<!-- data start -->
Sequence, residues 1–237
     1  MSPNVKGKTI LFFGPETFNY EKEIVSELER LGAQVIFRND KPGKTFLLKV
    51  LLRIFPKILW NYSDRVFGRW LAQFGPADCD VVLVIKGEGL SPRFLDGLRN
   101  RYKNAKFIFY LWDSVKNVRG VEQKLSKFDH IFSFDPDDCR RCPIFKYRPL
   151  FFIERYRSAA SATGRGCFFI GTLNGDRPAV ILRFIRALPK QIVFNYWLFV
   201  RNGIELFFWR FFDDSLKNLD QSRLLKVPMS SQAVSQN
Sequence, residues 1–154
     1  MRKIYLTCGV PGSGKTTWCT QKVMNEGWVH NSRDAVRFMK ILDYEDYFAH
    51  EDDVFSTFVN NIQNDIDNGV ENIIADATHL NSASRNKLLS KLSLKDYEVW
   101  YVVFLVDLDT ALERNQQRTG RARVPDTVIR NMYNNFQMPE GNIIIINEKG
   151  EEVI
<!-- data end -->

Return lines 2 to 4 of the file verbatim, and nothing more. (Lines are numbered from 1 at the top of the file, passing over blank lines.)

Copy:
     1  MSPNVKGKTI LFFGPETFNY EKEIVSELER LGAQVIFRND KPGKTFLLKV
    51  LLRIFPKILW NYSDRVFGRW LAQFGPADCD VVLVIKGEGL SPRFLDGLRN
   101  RYKNAKFIFY LWDSVKNVRG VEQKLSKFDH IFSFDPDDCR RCPIFKYRPL